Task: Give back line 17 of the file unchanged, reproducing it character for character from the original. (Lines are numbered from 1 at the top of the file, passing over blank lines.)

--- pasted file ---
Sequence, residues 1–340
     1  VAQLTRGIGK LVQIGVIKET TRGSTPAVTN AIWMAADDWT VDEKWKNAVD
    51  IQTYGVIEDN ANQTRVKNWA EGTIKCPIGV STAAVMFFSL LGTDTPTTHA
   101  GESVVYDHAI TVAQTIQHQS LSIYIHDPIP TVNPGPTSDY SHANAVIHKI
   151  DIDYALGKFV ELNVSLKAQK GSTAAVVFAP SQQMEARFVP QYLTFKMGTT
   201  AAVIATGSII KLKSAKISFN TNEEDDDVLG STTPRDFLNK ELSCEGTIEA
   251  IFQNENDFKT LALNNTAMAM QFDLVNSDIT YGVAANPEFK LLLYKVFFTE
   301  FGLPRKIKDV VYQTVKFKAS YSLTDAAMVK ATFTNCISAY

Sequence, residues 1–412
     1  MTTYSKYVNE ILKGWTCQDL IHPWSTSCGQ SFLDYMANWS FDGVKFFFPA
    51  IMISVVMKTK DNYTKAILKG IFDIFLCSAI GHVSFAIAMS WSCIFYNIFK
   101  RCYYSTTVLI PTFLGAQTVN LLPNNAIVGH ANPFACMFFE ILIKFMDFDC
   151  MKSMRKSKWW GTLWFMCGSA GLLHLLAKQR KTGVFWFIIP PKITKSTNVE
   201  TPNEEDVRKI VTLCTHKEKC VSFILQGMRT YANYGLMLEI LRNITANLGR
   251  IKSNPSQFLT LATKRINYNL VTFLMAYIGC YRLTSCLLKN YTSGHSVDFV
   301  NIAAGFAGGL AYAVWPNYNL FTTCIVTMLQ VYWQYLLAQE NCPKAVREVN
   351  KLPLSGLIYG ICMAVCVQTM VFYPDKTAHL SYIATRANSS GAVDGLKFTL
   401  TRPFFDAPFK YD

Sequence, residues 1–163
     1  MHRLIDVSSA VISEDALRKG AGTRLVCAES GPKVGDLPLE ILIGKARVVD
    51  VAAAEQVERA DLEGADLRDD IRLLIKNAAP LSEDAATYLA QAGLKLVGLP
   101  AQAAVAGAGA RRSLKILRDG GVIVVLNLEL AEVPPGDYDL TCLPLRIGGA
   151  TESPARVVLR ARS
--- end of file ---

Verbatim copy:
   351  KLPLSGLIYG ICMAVCVQTM VFYPDKTAHL SYIATRANSS GAVDGLKFTL